• By Amanda Huber,
Southeast Editor •
An important economic pest in cotton is not something producers want to see in their fields at any time, especially not earlier than expected. However, that has been the case this season.
Silverleaf whitefly infestations are much earlier than normal and are likely a result of increased winter survival due to the lack of cold temperatures, says University of Georgia Extension entomologist Phillip Roberts.
“They are being observed in areas that have historically had infestations. A few localized fields have exceeded threshold and been treated. Management of SLWF should be a priority. It is important to you know if SLWF are present in your area, and when present, it must be a part of every decision you make.”
What To Look For
Ron Smith, Auburn University Extension entomologist, says the first sign of an SLWF infestation will be the presence of whiteflies clustering around the plant terminal or underneath the terminal leaves; adults fly when disturbed.
“Population increases will be observed about two weeks after the first presence of adults. Eggs are deposited underneath the leaves and hatch into a crawler stage to begin feeding. The immature stage is then immobile until it develops into an adult. The total life cycle of the SLWF is 15 to 18 days, depending on the temperature.”
SLWF feeding stunts plants and reduces vigor. The more serious problem is their secretion of honeydew, which falls in lower parts of the plant.
“As the plants mature, this secretion falls onto open bolls,” Smith says. “A sooty mold grows in this honeydew, which reduces lint quality.”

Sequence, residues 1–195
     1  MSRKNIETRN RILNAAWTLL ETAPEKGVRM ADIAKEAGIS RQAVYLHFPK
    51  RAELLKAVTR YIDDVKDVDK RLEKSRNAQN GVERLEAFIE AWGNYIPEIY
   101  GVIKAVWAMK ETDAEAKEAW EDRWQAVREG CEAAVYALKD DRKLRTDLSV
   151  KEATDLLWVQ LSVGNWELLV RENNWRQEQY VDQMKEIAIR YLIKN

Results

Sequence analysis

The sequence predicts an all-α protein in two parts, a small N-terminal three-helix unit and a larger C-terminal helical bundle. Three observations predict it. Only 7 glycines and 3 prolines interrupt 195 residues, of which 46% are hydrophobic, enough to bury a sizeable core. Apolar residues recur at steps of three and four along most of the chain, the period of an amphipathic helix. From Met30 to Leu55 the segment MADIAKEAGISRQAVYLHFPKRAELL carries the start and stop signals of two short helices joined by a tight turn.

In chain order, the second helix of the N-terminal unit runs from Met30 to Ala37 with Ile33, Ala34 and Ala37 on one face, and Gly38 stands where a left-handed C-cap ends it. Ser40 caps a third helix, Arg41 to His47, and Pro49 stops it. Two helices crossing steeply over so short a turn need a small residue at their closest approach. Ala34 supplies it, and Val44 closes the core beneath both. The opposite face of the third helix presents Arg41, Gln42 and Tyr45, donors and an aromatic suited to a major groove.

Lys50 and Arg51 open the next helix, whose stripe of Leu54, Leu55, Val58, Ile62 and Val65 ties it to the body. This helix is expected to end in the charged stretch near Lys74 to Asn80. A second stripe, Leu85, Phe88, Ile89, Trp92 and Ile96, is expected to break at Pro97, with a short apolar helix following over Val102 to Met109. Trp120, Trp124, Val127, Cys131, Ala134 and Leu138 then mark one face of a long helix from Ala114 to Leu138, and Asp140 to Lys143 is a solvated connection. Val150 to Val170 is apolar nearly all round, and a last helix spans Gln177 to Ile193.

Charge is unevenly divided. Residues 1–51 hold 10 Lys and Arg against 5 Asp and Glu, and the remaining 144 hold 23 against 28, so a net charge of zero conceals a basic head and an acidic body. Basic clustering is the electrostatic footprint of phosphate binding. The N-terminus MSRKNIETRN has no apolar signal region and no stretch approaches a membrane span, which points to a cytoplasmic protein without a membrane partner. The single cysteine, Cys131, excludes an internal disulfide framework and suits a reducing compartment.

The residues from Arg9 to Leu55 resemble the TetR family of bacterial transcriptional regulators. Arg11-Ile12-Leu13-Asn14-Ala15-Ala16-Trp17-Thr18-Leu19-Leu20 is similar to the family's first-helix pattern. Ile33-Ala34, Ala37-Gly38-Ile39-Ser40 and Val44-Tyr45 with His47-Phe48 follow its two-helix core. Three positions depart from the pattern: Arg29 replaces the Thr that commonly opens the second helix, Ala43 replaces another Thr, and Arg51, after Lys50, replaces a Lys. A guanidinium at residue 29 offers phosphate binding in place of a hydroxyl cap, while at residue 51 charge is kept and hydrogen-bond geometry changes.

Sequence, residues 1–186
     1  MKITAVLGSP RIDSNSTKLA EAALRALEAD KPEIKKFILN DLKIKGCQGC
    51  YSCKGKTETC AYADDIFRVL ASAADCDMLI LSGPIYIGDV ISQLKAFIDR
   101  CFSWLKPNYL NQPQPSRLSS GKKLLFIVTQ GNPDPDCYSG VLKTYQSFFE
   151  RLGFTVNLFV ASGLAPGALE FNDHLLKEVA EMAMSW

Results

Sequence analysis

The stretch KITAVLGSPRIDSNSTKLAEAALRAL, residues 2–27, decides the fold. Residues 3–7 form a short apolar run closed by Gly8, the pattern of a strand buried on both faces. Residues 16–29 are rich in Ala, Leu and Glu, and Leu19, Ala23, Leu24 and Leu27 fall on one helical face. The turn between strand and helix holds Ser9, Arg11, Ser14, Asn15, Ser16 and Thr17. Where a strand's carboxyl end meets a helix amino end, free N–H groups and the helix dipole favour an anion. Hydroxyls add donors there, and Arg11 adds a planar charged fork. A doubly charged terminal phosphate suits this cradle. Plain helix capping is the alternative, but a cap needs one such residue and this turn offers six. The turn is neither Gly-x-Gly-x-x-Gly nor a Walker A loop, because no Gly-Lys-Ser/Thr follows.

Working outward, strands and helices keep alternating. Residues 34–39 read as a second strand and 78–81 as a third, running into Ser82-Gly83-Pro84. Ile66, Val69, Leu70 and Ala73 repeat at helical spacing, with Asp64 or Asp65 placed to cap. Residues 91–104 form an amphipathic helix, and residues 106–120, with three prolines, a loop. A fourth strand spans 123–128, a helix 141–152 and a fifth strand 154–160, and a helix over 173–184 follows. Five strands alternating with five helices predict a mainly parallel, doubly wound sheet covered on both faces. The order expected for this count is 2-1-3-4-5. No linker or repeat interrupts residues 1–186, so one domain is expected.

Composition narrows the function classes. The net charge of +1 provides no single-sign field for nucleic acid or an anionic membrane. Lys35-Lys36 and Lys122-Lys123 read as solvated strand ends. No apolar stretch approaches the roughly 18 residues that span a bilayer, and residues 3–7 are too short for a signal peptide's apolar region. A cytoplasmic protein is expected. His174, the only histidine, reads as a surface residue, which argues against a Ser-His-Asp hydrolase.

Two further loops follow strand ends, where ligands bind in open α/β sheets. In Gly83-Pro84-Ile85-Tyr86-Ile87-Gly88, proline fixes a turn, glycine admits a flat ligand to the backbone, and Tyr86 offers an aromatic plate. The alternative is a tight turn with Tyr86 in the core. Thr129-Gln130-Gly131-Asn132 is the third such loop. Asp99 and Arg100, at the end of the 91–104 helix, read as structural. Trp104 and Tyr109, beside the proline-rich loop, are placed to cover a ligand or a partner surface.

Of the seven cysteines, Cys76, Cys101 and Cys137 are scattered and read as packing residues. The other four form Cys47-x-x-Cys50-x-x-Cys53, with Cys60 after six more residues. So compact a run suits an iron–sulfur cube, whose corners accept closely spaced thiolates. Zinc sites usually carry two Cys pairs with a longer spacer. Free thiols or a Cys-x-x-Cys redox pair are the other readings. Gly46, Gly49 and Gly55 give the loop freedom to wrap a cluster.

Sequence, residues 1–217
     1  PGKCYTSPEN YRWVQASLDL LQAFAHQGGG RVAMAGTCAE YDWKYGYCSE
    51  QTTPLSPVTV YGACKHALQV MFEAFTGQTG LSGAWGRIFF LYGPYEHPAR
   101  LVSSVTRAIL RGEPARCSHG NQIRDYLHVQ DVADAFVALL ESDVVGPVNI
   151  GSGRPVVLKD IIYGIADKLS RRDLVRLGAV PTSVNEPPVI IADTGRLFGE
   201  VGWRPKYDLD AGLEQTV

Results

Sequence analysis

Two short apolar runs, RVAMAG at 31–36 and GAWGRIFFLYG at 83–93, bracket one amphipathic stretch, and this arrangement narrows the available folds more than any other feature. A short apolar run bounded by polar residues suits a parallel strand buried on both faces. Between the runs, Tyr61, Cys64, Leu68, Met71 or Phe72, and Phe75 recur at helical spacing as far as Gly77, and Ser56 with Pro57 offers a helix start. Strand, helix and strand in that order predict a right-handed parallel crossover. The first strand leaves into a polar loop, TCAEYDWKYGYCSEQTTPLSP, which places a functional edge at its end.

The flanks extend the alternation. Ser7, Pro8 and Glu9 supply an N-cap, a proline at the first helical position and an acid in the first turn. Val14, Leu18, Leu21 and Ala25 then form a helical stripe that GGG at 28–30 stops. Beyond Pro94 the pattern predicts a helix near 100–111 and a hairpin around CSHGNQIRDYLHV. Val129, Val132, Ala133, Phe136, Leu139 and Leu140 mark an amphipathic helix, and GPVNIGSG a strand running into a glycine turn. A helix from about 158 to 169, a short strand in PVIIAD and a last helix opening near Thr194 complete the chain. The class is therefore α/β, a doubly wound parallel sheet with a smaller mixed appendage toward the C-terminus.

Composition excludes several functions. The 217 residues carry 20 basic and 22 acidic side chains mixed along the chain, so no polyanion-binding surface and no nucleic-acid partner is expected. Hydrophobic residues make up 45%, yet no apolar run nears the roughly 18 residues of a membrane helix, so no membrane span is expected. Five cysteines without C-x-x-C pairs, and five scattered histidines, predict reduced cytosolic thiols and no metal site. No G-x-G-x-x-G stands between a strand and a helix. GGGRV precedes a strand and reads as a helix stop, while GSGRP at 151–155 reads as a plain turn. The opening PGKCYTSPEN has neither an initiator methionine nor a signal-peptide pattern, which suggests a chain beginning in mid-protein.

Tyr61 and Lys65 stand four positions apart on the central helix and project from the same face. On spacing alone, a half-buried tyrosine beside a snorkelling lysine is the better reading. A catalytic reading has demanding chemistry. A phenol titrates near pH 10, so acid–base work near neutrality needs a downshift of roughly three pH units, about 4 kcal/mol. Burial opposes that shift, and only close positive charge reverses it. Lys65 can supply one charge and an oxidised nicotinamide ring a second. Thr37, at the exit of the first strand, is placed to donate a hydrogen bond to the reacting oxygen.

Heavy SLWF infestations can cause premature defoliation, and populations will continue to increase until cotton is defoliated.
Stay On Top Of Scouting
In Tift and Colquitt counties, Georgia, SLWF adults were observed on young cotton in late June. University of Georgia post-doctoral entomology researcher Apurba Barman says, “It concerns me when I see adults feeding on young, topmost leaves of cotton plants because this is an indication that whitefly population is not just randomly flying, but they are on the verge of colonizing in that field and eventually numbers will increase.”
As with most insects, not all fields will be equally infested by SLWF at the same time. Scouting is the only way to know when populations are increasing and a threshold has been reached.
Protect Beneficial Insects
Smith says, “Treatment decisions for SLWF can be made by examining the presence or absence of immatures on the fifth main stem leaf below the terminal. Controls are recommended when 50% of the plants have three to five immatures on the lower surface of this leaf. Immatures will appear oval, flattened and yellowish in color. They can be separated from aphids by their flattened shape and the absence of appendages and movement.”
Roberts says conservation of beneficial insects is also a must. “Only spray insecticides for other pests based on the use of scouting and thresholds. When treating other insect pests, avoid insecticides prone to flare SLWF.”
Once the population is out of control, it is difficult and expensive to manage, Barman says. “Plan accordingly based on the crop conditions. Consider timely insecticide applications following Extension recommendations and scout data.”
For more information, see “Sampling And Managing Whiteflies in Georgia Cotton” by Apurba Barman, Michael Toews and Phillip Roberts. It can be found at https://bit.ly/3aSCiQj.